Tuesday, April 9, 2013


This morning, Himself and I attended the first of the two end-of year IEP meetings at school required for Thing Two.  (IEP stands for Individualized Education Program: these are put in place for children who have been determined to have some kind of disability per specific federal regulations.)  The point of this particular meeting was to formally update us on his progress and to jointly determine whether or not any further testing should be done before the end of the year.

First, Thing Two is doing very well.  He has challenges and deficits, no doubt, but both his homeroom teacher and school speech therapist were very positive about the progress he has made this year.  And second, they are not recommending any further testing for him at this point, which is HUGE.

Now, this whole paragraph is a guess on my part: I admit it freely.  But here's what I think is happening.  They want to continue providing services to him.  They see that he is responding to the help he's currently receiving, and understand that he really needs that help.  And they are concerned that if they test, he may not do badly enough (because he is very bright under all the crossed wires in his brain--and also because the performance level that justifies receipt of services in this state is unbelievably, scandalously low!) to qualify for the language help that every professional who has ever worked with him says that he needs to keep him moving in the right direction.

But, regardless of whether my guess is right or wrong, the net result of today is that they are leaving his status as is, and next month, we will meet again to decide exactly what will be in his IEP for next year.

I've heard a lot of Child Study Team and IEP horror stories, and am beyond grateful that Thing Two's case manager has gone to bat for him repeatedly ever since he was classified.  It is a blessing beyond compare to have our meetings be cordial and cooperative, as they are, and not confrontational, ugly and lawyer-filled!


  1. I think I mentioned before - I taught in two states (in four districts) and had many kids on IEPs and I never heard of annual testing or so many meetings as you seem to have. Good for them for not over-testing even if it's the norm there!

    And special education is under federal law, not state - the state or district can't really make many determinations about such things. Though, sounds like your state is well above the federal mandate (which is probably too low) so maybe that's what you mean.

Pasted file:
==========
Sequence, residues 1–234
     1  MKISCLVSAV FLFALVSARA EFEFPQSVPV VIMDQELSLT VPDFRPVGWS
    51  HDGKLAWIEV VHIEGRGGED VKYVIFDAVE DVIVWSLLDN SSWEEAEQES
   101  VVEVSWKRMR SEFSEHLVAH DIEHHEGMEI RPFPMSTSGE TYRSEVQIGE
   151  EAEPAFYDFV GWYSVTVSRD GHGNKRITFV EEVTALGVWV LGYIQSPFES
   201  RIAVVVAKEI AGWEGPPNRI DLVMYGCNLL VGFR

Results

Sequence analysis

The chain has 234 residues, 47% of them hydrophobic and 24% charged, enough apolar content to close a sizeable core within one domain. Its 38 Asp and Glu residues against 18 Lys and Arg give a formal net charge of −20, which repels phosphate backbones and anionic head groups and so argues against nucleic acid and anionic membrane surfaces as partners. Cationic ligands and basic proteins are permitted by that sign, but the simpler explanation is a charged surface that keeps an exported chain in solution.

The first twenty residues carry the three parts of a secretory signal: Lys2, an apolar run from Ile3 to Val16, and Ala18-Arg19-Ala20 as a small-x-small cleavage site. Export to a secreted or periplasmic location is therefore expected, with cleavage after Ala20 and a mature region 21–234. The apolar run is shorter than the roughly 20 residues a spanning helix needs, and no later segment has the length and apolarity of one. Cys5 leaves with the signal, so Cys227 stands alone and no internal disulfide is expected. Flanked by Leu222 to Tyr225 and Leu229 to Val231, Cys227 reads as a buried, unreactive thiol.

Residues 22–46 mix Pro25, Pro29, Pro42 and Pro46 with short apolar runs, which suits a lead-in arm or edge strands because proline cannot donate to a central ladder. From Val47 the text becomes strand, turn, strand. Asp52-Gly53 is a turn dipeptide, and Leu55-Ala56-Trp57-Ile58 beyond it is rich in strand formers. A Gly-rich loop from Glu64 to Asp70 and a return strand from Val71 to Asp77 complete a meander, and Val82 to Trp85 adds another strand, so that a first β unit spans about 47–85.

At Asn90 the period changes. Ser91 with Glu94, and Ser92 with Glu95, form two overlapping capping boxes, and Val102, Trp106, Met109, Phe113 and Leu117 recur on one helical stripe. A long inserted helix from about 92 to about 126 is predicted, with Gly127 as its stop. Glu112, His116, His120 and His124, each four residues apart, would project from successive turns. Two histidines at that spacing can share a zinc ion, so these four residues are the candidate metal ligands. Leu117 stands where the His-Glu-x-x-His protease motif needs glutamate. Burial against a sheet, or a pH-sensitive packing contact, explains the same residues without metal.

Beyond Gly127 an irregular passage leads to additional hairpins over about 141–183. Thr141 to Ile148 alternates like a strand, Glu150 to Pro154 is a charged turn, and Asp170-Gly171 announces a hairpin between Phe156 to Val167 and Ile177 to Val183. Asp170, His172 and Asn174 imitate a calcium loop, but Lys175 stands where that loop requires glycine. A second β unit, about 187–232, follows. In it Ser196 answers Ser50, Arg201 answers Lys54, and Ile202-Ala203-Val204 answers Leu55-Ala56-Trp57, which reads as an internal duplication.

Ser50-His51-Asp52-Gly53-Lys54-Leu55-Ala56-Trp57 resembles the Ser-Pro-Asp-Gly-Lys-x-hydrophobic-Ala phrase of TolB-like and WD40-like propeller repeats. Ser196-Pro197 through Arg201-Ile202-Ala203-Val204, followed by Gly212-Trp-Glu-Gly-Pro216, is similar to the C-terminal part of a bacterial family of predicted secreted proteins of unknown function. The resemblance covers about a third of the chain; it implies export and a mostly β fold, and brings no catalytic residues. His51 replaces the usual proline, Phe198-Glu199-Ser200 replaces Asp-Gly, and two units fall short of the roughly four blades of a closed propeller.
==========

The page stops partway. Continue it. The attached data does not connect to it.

2. I misspoke...given two seconds to think about it, I'm sure the service-qualifying baseline is federally mandated, not from the state. In your experience, did you find it crazy how far below average a child has to be to qualify for help??

    1. The part that is crazy to me is that there has to be a gap. So when I had kids in the "shaky 80's" - barely above mental retardation qualification - they didn't get any services at all. They couldn't understand much of what was going on but because they were deemed to be performing at their level, they got no services. Very, very frustrating!

    2. If you're curious, I wrote a paper on the federal laws that intersect for special education, particularly in New Orleans (with its vast charter schools scheme). I could send it to you.

    3. I guess, by definition, if you are going to set a federal standard for classification, wherever you might reasonably put it, some people are inevitably going to fall just on the "normal" side of the line even though they would clearly benefit from help. This is one of my great fears for Thing Two, actually: there is absolutely no question that he needs professional help with processing language, but he might very well test into the gray area where he would qualify for no services because he is bright otherwise. (Never mind that your IQ is totally irrelevant if you can't understand what people are saying to you or compose a coherent sentence to say back to them!) I would love to read that paper, actually...the longer I am in the system with this kid, the more I find it necessary to educate myself. At your convenience, it would be great if you could send it to me at kgcba(aht)yahoo(daht)com. Many thanks!!

  3. I should also say that our testing isn't annual: more like every two or three years. Lots of meetings, though: two to three a year!


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